Have you, too, read the stories of the past forty days and felt the pain and anger of so many of these journeys in faith and sexuality as if they were precisely your own? Have you superimposed others’ stories on your own life, feeling your own pain all the more acutely as it joins with that of others?
That has been my walk this Lent, particularly through the guidance of our sisters and brothers who have been bold enough to share pieces of their stories of brokenness and healing. With each one, I’ve been broken, too.
And then we come to Holy Week – the week in which we re-live our collective brokenness as we journey from Palm Sunday to today, Maundy Thursday. And we see the example of a God who acts in perfect empathy beyond anything any of us could muster, who kneels at the disciples’ dirty and smelly feet and washes them, summoning us to do the same.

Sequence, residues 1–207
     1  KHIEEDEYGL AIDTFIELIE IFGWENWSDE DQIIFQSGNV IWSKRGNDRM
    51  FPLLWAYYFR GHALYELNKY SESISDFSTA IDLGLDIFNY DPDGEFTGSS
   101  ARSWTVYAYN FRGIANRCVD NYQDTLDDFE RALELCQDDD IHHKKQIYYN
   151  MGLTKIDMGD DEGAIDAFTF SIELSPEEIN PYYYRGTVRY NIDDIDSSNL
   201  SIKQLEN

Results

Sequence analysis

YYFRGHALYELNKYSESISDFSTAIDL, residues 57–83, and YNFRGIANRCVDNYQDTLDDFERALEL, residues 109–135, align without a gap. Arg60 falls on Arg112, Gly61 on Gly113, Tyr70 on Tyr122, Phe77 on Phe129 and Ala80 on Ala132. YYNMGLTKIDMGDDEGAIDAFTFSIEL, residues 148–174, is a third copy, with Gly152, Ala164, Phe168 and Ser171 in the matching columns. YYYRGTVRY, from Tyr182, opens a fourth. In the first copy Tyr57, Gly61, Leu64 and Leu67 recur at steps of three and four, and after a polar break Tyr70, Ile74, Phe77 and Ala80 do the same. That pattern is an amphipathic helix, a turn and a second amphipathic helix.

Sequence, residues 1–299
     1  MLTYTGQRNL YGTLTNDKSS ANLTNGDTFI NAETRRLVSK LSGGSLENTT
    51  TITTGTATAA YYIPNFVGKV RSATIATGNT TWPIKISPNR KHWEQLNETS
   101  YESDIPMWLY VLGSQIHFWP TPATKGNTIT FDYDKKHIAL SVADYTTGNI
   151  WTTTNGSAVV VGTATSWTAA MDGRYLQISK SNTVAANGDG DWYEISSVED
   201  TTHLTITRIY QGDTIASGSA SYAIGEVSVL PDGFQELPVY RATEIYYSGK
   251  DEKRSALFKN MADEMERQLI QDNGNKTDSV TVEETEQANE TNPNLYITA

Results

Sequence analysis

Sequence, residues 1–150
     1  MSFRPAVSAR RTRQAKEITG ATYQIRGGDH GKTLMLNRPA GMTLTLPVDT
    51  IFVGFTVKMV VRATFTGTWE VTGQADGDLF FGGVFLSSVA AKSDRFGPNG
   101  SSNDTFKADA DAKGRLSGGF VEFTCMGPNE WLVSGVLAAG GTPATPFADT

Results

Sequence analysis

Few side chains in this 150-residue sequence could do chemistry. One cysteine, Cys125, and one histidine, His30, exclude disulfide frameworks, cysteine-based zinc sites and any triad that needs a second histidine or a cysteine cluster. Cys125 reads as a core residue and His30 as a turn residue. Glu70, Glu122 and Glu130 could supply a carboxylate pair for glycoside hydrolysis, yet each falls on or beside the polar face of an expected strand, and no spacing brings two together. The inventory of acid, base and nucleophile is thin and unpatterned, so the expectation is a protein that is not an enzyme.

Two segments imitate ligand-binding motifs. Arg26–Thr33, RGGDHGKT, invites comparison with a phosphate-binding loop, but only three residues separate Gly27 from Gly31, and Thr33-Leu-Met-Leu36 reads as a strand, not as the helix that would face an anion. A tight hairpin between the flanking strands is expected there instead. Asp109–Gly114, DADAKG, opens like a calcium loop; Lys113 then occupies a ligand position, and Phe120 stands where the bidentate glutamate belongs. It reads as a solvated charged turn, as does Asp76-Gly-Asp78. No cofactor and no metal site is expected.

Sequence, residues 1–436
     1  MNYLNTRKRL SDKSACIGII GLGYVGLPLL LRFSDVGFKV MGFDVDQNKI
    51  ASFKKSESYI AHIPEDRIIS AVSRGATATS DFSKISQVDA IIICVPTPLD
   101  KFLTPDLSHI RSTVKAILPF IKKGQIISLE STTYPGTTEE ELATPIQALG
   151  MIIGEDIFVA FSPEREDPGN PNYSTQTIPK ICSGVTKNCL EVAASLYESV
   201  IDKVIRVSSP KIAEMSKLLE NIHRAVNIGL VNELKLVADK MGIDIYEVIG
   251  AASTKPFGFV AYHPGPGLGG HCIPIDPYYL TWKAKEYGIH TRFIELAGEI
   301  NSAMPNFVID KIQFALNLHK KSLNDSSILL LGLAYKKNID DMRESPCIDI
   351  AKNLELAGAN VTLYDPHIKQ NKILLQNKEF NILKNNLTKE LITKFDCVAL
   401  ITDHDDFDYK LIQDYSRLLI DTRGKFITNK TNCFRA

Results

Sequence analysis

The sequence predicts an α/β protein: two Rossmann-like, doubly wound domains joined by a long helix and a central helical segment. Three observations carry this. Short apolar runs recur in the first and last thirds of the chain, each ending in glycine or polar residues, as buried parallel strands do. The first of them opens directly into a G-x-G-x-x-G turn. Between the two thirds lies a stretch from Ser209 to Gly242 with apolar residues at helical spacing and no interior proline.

It could all be so overwhelming. It is. Trying to walk in Jesus’ footsteps means having some version of a Calvary experience. For me, that re-living is so difficult that I feel depressed every Holy Week around now. Many of you do, too.
But then I remember that God achieved the most complex things in very simple actions. And salvation is God’s work, not mine. So I set my sights on the simple things before me. God doesn’t call me to a cross. Rather, God calls me to kneel at your feet.
Then, knowing that we’ll find our way to the cross, anyway, God nourishes us with a meal for the journey, giving us Christ to sustain us in an act of God’s perfect, empathic love.
May we but share in that love, for by this, we will know that we are Christ’s disciples.
-The Rev. Kaji Rosa Spellman